In addition, governments can offer technical support to MFIs to strengthen their non-financial services offer and improve the efficiency of their business models. The vast majority of MFIs in OECD countries bundle microloans with a variety of non-financial services, such as training and coaching that aim to improve the performance of the business to increase the chances of the microloan being repaid. Evaluations tend to show that these non-financial services are effective (OECD/European Commission, 2021[1]) but many offers are relatively basic (Drexler et al., 2020[16]) and are less commonly offered by MFIs in certain regions (e.g. Eastern Europe) (Diriker, Landoni and Benaglio, 2018[17]). These non-financial services are typically more impactful for women entrepreneurs given their relatively greater skills gaps and, on average, a lack of professionals in their networks (Halabisky, 2015[9]). In addition, the business practices of MFIs could go further in leveraging digital tools to improve the efficiency of internal business processes. For example, the introduction of an electronic signature or “e-signature” by Adie in France has reduced loan processing times and accelerated the disbursement of funds (OECD/European Commission, 2021[1]).

The rapid evolution of fintech in recent years is creating new funding opportunities for women entrepreneurs and others that have difficulties accessing funding in traditional markets. This includes new debt and equity instruments, new actors such as online challenger banks (i.e. new banks that typically rely on fintech products and services to compete with traditional banks), new marketplaces (e.g. online crowdfunding platforms) and the digital transformation of private equity instruments (i.e. digitalisation of investment assessment and monitoring, including the influence on investor objectives) (Halabisky, 2015[9]). Fintech innovations also include new data analytical possibilities (e.g. big data) and distributed ledger technologies (e.g. blockchain) that can inform new methods of evaluation of loan and investment opportunities.

Women entrepreneurs have been successful in many of these new fintech markets. They appear to be more successful than male entrepreneurs on crowdfunding platforms (Wesemann and Wincent, 2021[18]; Johnson, Stevenson and Letwin, 2018[19]). Research suggests that this is due to women entrepreneurs being more active in crowdfunding markets relative to traditional financing markets and “activist homophily”, i.e. women investors support female-led projects over male-led projects (Greenberg and Mollick, 2017[20]).

Despite some of these successes, there is a risk that fintech may reinforce financial exclusion for women entrepreneurs due to a greater reliance on algorithms in decision making by lenders and investors. Such algorithms are likely embedded with the unconscious gender biases of those who are designing, coding and using them – often men (Halabisky, 2015[9]). A greater use of algorithms could also direct funding away from projects that do not seek to generate high levels of growth and profits, putting women entrepreneurs at a disadvantage because they tend to operate small and less growth-oriented businesses (Halabisky, 2015[9]). In addition, there will be fewer opportunities for entrepreneurs, lenders and investors to have face-to-face interactions where “soft” information can be exchanged. This removes opportunities for lenders and investors to learn about entrepreneurs, their motivations and ambitions and gives greater weight to financial history and collateral, which also puts women entrepreneurs at a disadvantage (Malmström and Wincent, 2018[21]). This also reduces the ability of women entrepreneurs to acquire knowledge through interactions with lenders and investors, a potential source of coaching. This is likely more significant for women entrepreneurs since they, on average, have greater knowledge and skills gaps (OECD/European Commission, 2021[1]) and fewer opportunities to acquire such knowledge in their networks (Halabisky, 2015[9]).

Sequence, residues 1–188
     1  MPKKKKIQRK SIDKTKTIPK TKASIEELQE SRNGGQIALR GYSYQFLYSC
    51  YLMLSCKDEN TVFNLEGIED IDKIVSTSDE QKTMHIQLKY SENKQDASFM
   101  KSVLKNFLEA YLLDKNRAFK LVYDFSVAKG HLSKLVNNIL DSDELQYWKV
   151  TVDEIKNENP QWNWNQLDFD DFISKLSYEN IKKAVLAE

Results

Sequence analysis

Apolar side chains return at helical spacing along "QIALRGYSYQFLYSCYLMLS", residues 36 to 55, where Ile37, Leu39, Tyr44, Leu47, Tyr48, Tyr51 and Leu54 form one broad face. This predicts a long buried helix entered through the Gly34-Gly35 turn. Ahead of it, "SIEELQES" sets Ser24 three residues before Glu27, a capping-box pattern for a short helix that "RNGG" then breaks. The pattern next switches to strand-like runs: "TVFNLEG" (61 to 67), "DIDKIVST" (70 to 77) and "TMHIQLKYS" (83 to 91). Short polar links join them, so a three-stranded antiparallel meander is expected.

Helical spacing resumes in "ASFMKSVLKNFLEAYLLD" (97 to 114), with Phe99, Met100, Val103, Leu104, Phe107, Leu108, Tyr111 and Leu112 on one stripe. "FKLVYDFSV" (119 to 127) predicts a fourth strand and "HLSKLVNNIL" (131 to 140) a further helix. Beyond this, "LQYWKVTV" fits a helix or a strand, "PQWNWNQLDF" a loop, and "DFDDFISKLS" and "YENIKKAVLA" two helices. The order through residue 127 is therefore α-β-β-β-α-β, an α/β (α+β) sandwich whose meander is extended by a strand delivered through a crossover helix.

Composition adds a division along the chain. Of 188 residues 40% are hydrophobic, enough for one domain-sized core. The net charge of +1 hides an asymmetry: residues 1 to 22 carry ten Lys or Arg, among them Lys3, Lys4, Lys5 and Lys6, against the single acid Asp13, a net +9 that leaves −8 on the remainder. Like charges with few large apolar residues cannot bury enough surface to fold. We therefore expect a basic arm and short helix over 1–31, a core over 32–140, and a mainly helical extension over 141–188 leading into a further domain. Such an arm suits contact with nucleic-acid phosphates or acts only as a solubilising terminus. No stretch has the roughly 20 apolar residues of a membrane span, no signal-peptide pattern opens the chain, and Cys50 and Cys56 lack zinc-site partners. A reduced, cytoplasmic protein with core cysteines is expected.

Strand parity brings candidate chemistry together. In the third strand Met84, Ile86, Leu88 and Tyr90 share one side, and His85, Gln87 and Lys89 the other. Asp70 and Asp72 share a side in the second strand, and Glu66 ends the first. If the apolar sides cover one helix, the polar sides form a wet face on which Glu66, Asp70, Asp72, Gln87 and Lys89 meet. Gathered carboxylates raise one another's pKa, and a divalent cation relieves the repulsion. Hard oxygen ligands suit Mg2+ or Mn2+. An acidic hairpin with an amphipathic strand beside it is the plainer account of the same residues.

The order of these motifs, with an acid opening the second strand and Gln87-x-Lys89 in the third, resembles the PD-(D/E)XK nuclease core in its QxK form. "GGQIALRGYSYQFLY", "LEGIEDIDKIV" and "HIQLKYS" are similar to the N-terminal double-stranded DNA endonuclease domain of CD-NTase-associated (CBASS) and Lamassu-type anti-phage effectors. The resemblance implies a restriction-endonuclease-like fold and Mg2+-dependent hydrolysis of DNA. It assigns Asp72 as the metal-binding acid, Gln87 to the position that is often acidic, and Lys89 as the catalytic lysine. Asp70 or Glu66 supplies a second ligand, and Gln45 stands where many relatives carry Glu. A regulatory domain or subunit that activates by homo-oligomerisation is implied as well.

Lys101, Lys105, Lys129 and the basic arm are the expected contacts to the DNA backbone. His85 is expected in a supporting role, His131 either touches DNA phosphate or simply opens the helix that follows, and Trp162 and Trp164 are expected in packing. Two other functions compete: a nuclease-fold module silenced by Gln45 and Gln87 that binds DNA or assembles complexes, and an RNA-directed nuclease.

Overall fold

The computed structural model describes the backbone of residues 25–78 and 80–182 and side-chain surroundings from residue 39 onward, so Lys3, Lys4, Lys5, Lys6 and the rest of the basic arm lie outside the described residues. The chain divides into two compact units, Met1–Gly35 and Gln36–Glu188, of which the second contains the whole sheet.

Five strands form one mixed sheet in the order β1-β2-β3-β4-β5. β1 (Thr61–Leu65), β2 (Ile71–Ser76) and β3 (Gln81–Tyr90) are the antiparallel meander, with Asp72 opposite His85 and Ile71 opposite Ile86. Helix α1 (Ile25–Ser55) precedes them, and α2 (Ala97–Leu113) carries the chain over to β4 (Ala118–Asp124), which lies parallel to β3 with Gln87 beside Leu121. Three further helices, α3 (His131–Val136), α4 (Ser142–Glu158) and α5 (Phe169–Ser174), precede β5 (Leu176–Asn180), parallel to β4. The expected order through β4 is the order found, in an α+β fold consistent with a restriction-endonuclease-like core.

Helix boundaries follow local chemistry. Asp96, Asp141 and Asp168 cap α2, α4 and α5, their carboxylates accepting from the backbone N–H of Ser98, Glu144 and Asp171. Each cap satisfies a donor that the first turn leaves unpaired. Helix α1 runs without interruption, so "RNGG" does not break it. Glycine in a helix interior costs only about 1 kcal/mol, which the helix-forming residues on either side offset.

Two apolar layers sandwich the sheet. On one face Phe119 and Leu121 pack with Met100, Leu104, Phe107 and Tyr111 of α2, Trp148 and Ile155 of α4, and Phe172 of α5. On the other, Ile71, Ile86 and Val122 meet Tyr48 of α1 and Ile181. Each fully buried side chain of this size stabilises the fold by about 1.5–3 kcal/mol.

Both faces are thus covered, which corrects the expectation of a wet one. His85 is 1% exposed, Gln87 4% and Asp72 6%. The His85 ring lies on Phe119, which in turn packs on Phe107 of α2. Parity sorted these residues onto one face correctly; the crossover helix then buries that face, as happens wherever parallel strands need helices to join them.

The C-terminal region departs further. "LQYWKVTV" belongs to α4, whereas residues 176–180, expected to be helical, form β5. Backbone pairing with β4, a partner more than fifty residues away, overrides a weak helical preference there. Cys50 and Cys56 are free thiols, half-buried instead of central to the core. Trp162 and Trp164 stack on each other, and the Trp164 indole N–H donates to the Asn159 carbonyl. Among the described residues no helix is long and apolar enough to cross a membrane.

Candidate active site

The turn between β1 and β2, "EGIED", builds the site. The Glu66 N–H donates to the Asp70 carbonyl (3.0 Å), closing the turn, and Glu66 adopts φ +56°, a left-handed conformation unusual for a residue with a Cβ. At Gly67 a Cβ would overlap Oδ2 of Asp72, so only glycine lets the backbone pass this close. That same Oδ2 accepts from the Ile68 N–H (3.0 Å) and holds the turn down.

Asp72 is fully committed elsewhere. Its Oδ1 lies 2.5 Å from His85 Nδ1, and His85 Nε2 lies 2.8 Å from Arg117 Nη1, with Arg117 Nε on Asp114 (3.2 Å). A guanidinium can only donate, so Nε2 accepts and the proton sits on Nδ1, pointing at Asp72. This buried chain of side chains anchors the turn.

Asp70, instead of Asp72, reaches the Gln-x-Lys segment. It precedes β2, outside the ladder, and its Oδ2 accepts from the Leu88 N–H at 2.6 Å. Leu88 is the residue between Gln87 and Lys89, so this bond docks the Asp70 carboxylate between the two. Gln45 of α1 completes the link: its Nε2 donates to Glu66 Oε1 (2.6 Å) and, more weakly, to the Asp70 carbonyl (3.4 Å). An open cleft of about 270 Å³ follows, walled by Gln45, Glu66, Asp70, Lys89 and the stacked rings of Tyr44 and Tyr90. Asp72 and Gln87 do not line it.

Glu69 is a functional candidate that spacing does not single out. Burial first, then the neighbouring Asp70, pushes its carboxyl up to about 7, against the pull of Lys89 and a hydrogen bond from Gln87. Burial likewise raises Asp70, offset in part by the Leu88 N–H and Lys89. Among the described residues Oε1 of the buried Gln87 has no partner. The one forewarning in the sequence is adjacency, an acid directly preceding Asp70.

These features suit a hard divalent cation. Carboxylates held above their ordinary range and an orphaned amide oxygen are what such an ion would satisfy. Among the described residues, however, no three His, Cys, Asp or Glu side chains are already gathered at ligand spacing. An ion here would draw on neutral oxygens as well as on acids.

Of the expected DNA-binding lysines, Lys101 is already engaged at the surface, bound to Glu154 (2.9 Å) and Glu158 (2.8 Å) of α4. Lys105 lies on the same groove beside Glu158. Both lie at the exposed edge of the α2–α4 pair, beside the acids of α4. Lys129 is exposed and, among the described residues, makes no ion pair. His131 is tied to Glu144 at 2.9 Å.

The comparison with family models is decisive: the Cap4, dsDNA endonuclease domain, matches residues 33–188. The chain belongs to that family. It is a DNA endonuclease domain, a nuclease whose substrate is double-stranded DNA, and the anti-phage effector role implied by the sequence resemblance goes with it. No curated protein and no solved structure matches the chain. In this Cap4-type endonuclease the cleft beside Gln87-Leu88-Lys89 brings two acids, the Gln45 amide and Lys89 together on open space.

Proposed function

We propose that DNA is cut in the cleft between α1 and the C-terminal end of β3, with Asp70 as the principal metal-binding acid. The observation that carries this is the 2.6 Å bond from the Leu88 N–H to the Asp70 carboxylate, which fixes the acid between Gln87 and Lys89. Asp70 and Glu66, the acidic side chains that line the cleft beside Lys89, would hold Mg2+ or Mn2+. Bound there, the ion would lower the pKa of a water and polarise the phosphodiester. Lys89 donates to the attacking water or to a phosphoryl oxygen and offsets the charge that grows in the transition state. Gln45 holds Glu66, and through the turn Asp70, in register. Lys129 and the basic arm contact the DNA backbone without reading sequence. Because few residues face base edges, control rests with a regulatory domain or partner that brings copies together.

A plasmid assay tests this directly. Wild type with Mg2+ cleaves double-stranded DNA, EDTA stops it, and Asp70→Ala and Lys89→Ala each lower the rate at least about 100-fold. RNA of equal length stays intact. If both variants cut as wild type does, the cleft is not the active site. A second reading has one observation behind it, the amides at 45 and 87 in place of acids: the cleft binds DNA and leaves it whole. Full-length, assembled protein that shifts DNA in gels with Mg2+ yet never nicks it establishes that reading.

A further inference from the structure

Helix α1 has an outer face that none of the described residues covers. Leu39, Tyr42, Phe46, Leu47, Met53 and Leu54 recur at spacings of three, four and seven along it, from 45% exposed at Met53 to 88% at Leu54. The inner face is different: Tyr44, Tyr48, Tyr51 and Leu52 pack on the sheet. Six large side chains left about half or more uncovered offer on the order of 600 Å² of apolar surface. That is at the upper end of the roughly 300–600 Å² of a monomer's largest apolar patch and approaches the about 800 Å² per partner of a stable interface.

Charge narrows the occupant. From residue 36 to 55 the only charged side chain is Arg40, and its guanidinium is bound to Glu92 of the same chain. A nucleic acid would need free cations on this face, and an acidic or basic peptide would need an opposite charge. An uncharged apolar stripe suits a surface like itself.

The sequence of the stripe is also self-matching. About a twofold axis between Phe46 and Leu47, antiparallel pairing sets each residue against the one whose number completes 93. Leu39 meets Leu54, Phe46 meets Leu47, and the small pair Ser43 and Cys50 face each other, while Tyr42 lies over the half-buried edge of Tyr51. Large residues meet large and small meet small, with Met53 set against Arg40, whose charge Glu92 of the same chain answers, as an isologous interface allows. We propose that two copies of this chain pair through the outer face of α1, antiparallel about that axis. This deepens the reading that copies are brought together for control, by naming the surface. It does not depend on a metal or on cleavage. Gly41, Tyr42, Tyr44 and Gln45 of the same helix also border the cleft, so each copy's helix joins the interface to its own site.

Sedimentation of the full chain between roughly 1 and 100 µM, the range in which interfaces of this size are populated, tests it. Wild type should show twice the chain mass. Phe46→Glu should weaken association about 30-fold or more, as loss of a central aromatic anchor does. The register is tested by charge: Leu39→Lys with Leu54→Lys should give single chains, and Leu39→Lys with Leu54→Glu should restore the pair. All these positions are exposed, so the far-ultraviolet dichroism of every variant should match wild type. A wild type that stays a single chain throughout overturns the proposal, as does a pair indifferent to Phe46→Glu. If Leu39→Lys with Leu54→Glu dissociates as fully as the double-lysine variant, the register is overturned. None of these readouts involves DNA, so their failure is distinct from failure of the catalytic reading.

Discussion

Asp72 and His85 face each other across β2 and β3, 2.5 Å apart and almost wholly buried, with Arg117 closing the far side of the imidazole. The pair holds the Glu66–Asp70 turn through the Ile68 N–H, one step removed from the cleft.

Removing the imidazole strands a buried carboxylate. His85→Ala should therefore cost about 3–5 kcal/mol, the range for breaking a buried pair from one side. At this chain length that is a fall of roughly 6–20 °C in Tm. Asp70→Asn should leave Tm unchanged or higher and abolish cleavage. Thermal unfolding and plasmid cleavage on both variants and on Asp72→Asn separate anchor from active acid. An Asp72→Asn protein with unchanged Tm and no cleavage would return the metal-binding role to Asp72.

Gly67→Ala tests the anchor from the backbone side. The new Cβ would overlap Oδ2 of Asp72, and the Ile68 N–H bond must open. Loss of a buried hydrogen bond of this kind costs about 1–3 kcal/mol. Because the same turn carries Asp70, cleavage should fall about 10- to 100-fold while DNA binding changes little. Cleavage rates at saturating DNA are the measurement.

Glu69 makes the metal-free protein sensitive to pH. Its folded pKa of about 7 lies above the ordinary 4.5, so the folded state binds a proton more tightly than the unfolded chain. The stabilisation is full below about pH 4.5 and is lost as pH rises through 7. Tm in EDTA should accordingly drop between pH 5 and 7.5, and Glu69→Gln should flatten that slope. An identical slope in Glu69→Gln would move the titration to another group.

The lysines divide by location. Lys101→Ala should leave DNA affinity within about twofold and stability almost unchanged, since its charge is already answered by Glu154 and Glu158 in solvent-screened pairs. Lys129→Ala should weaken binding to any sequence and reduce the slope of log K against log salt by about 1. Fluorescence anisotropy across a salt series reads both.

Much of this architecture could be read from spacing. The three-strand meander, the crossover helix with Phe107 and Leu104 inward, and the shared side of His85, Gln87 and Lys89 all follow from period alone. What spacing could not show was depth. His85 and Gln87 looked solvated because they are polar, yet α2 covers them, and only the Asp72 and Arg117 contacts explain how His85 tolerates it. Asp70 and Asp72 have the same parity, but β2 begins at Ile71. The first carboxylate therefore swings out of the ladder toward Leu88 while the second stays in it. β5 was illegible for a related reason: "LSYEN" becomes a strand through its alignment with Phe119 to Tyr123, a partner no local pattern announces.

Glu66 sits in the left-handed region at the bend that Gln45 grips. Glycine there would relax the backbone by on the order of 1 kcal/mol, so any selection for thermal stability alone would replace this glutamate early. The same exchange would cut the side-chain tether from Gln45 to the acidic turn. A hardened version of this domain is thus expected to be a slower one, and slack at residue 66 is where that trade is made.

It is, therefore, important that governments do more to monitor developments in fintech to ensure that they contribute to financial inclusion. This includes supporting research projects that monitor and measure discrimination in the financial sector – as done by the Swedish Innovation Agency (VINNOVA) – and ensuring that financial regulators effectively balance the need to protect consumers and the integrity of financial systems without stifling innovation. Governments can also do more to equip women entrepreneurs to be able to leverage the new opportunities offered by fintech by investing more in financial literacy training and entrepreneurship education such as the Power for Entrepreneurs initiative in Spain (Box 29.2), covering new issues such as crowdfunding and blockchain in entrepreneurship training. Another approach is to provide support to existing infrastructures that utilise industry expertise to support women entrepreneurs already in fintech fields, such offering dedicated technology incubation and accelerator programmes for women entrepreneurs (Halabisky, 2015[9]). The WILLA Women in Fintech accelerator programme in France was created after research found that start-ups with at least one female founder performed 63% better than those founded exclusively by men, but only 1 in 10 fintech start-ups were founded by women in 2018 (WILLA, 2018[22]).